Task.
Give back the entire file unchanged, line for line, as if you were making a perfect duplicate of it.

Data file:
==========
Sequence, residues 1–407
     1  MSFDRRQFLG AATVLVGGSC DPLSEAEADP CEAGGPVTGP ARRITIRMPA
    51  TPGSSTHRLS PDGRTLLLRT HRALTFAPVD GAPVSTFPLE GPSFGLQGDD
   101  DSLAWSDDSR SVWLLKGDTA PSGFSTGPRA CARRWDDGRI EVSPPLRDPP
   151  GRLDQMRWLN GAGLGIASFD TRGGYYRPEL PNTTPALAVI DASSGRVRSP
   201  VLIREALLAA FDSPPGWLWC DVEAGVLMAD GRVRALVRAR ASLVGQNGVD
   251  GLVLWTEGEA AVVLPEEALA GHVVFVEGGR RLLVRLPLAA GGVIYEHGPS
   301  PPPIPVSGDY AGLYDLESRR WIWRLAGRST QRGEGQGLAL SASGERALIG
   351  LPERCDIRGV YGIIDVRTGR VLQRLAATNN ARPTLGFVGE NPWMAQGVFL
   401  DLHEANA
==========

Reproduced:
Sequence, residues 1–407
     1  MSFDRRQFLG AATVLVGGSC DPLSEAEADP CEAGGPVTGP ARRITIRMPA
    51  TPGSSTHRLS PDGRTLLLRT HRALTFAPVD GAPVSTFPLE GPSFGLQGDD
   101  DSLAWSDDSR SVWLLKGDTA PSGFSTGPRA CARRWDDGRI EVSPPLRDPP
   151  GRLDQMRWLN GAGLGIASFD TRGGYYRPEL PNTTPALAVI DASSGRVRSP
   201  VLIREALLAA FDSPPGWLWC DVEAGVLMAD GRVRALVRAR ASLVGQNGVD
   251  GLVLWTEGEA AVVLPEEALA GHVVFVEGGR RLLVRLPLAA GGVIYEHGPS
   301  PPPIPVSGDY AGLYDLESRR WIWRLAGRST QRGEGQGLAL SASGERALIG
   351  LPERCDIRGV YGIIDVRTGR VLQRLAATNN ARPTLGFVGE NPWMAQGVFL
   401  DLHEANA